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House passes bill to authorize 8,000 more visas for Afghan allies

U.S. Rep. Jason Crow, D-Colo., speaks during a news conference on Capitol Hill with members of the American Legion on June 16, 2021, in Washington, D.C. (Samuel Corum/Getty Images/TNS)

The House on Thursday overwhelmingly passed legislation to authorize an additional 8,000 special immigrant visas for Afghan interpreters, contractors and other vulnerable U.S. allies.

The bill would also expand eligibility to family members of SIV applicants who have been killed, as well as Afghans who worked with certain nongovernmental organizations and could face persecution but would not qualify under the program’s current requirements. It passed with a 407-16 vote.

“Some members of this body, including me, may not be here today without the service and self-sacrifice of Afghans who answered the call to serve shoulder to shoulder with us,” said the bill’s sponsor, Rep. Jason Crow, D-Colo., an Army veteran who served in Afghanistan.

Passage of the bill comes as details emerge on White House plans to evacuate thousands of Afghan citizens from the country. The administration plans to fly around 750 SIV applicants and their family members who have completed security vetting to Fort Lee, Virginia, while another 4,000 applicants will be moved to a safe third country while their claims are processed.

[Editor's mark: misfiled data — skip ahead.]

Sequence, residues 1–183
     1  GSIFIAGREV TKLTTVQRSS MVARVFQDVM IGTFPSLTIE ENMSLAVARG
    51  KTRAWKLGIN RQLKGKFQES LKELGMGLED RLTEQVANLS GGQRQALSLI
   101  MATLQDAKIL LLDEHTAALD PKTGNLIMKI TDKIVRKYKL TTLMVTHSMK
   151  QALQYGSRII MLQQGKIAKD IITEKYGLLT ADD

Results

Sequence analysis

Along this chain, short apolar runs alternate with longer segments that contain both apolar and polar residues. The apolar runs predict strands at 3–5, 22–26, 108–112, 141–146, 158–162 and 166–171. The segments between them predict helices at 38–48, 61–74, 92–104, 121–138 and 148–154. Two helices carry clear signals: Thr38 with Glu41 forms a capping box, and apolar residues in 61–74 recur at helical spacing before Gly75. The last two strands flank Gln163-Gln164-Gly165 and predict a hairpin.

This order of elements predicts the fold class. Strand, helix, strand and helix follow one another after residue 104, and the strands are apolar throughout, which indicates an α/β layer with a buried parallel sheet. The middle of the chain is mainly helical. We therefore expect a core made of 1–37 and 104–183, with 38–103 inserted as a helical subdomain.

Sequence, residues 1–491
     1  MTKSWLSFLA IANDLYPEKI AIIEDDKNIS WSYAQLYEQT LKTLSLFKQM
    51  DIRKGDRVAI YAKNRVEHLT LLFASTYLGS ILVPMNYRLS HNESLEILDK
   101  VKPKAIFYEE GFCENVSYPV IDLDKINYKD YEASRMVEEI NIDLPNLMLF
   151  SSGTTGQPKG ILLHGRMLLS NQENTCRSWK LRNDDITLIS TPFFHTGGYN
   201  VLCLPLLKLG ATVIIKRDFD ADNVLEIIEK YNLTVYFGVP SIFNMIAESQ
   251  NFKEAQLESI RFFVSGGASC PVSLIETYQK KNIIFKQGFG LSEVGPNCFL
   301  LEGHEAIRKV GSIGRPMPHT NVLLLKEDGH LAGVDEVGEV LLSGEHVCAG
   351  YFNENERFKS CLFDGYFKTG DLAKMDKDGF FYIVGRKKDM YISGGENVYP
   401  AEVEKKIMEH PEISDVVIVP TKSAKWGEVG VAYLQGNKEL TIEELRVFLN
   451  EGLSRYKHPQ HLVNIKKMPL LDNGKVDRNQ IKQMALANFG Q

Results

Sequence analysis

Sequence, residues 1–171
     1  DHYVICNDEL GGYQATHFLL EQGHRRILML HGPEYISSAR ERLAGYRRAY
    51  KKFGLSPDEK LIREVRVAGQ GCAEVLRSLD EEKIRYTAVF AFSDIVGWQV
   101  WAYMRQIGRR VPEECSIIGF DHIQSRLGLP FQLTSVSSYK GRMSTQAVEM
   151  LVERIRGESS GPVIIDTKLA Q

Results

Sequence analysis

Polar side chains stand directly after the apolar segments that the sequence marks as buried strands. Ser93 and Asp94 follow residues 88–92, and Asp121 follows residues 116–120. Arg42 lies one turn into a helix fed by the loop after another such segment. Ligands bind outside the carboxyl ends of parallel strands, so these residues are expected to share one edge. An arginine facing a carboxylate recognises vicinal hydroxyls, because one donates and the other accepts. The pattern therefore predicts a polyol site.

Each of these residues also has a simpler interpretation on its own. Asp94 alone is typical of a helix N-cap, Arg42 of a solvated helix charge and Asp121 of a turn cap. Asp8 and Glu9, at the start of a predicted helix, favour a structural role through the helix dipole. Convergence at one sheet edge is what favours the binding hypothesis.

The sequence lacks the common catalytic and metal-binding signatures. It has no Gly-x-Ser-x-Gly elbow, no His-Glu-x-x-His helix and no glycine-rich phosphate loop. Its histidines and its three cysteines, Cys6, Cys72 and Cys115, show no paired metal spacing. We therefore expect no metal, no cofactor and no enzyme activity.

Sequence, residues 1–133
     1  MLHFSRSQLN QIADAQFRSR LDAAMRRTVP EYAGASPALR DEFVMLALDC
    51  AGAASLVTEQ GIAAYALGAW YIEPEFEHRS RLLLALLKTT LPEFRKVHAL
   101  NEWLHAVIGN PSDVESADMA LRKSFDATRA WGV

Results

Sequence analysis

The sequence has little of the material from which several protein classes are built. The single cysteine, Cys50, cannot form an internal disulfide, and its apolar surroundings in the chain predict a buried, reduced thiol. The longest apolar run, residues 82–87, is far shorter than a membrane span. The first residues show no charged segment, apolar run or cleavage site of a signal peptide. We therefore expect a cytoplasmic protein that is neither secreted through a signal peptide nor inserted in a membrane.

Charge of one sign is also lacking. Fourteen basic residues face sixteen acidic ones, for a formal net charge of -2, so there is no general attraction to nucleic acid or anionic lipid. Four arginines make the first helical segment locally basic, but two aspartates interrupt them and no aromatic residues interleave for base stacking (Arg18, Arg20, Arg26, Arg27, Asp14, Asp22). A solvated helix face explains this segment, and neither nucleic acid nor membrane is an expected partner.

More than 20,000 Afghans are in line for special immigrant visas. About half have not completed the initial steps of the application process, so they cannot yet be moved, senior State Department officials said on a call with reporters Wednesday.

The department has taken steps to expedite visa processing for a program whose wait times currently stretch for years.

“We’ve already accelerated the processing of SIVs in part by adding additional staff at U.S. Embassy Kabul to process applications and by using technology to improve efficiency and workflow,” Brian P. McKeon, deputy secretary for management and resources, said on the press call.

House Republicans widely backed Crow’s measure, but many used Thursday’s floor debate as an opportunity to more broadly criticize the U.S. military withdrawal from Afghanistan.

“Unfortunately, the Biden administration’s reckless withdrawal is allowing the Taliban to once again seize control of Afghanistan, and the urgency of the situation on the ground is not hyperbole,” said Rep. Michael Waltz, R-Fla. “No one is safe from the Taliban reprisal we’ve seen in recent weeks.”

Another bill sponsored by Crow, which the House passed last month but the Senate has not taken up, would help expedite the SIV application process for Afghans by postponing a required medical exam for applicants.

The Senate, meanwhile, has taken its own steps to move legislation to bolster the special immigrant visa program. Last week, Senate Appropriations Chairman Patrick J. Leahy, D-Vt., released a $3.7 billion Capitol supplemental security spending proposal that also would increase the total number of authorized Afghan special immigrant visas from 26,500 to 46,500.

Sen. Richard C. Shelby of Alabama, the ranking Republican on the Appropriations Committee, said Monday that he was open to funding to help relocate Afghans who helped the U.S. government in his own supplemental proposal, which totals just over $1 billion.

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